Ending Slavery in the United States

The Thirteenth Amendment to the United States Constitution was ratified on December 6, 1865. This amendment abolished slavery in the United States. The language of the amendment is clear: “Neither slavery nor involuntary servitude, except as a punishment for crime whereof the party shall have been duly convicted, shall exist within the United States, or any place subject to their jurisdiction.”

The practice of slavery in the United States did not end with the Emancipation Proclamation—that it did is a common misunderstanding. The proclamation, issued by President Abraham Lincoln in 1863, did not apply to the entire U.S. The Emancipation Proclamation freed enslaved people who lived in any of the Confederate states that had seceded from the Union. With the Thirteenth Amendment, the ending of slavery became the law of the land.

In 1776, slavery was legal in all 13 U.S. colonies. By the time the Civil War started in 1861, about four million people were enslaved in 15 states. In 1860, enslaved people represented one eighth of the population of the U.S.

At the start of the Civil War, some people in the North did not support fighting against slavery. Although they did not want the expansion of slavery, they were not certain that slavery needed to be ended completely. However, when the war escalated after the First Battle of Bull Run in 1861, people reconsidered the role that slavery played in causing the Civil War.

Abraham Lincoln thought that it was a bad idea to fight such a bloody war without plans to eliminate the practice of slavery. Issued on January 1, 1863, the Emancipation Proclamation stated that any enslaved people in rebellious territory would now be considered free. Although its purpose was mainly symbolic, the Emancipation Proclamation was an important step in ending slavery. Previously, the Civil War had been fought to reunify the United States. With the Emancipation Proclamation, ending slavery became one of the Union’s stated goals for fighting the war.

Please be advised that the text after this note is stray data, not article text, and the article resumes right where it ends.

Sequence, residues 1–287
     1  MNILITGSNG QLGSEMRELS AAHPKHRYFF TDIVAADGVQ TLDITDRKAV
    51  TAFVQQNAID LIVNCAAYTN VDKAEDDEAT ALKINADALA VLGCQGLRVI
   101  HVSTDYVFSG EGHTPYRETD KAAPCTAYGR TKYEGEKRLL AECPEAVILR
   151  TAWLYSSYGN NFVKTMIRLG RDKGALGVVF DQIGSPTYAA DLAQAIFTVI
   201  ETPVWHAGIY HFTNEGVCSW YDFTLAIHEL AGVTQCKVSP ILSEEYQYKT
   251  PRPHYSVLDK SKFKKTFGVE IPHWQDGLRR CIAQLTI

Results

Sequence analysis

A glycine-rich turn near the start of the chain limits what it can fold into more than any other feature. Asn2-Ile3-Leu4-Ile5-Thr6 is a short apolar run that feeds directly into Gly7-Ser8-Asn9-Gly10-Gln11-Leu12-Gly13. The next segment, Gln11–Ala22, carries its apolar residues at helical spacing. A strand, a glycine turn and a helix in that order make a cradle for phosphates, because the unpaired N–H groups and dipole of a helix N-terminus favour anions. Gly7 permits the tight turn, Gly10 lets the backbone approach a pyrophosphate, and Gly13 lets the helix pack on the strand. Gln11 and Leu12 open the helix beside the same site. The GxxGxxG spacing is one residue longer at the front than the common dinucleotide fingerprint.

In the 1864 presidential election, Lincoln’s party, the Republicans, called for the “utter and complete destruction” of slavery. Members of the opposing Democratic party felt that the decision whether to maintain slavery or not should be left to individual states. When Lincoln became victorious in the election, it was simply a matter of time before an anti-slavery amendment would be proposed.

Indeed, the U.S. Congress started considering proposals for an amendment to the Constitution that same year. In addition to ending slavery, some of the proposals also included language meant to prevent discrimination against African Americans. The official language of the Thirteenth Amendment came from the Senate Judiciary Committee. It was influenced by the Northwest Ordinance of 1787, which banned slavery from the area north of the Ohio River. The Senate passed the amendment in April 1864. Next, the amendment would need to pass the House of Representatives.

The House debate was divided largely on party lines. Republicans were against slavery, while many Democrats were not ready to abolish it. “The disruption of the Democratic party now going on is watched with satisfaction and joy upon the Republican side of the House,” reported the New York Daily Tribune. “Anxiety and gloom cover the obstinate body-guard of Slavery, whose contracting lines break with the breaking up of their party.” However, as the debate continued, some Democrats changed their minds and allied with Republicans.

The passing of the Amendment in January of 1865 was met with great excitement by its supporters. “The result of the vote was noted on a piece of paper and handed to the Speaker, who announced the passage of the joint resolution by a vote of 119 yeas against 56 nays,” reported the Fremont Journal from Ohio. “Thereupon rose a shout of applause. The members on the floor huzzaed in chorus with the galleries. The ladies in the House assemblage waved their handkerchiefs, and again and again the applause was repeated.”

Now the Amendment had to be ratified by individual U.S. states. States agreed with the amendment, and when Georgia did so on December 6, 1865, it was the last state needed to ensure that the institution of slavery ceased to exist in the United States.

While the Thirteenth Amendment ended the practice of holding African American people as slaves, it ended the practice of peonage as well. Previously, if people could not pay the money they owed, they could be forced to work to pay off their debt. This practice was called peonage. Former slaves and poor people could become indebted to merchants or plantation owners for living and working expenses under peonage. They would become trapped in a cycle of working to pay debts without earning any money. The amendment addressed this issue, however, it did not forbid forcing people convicted of a crime to work.

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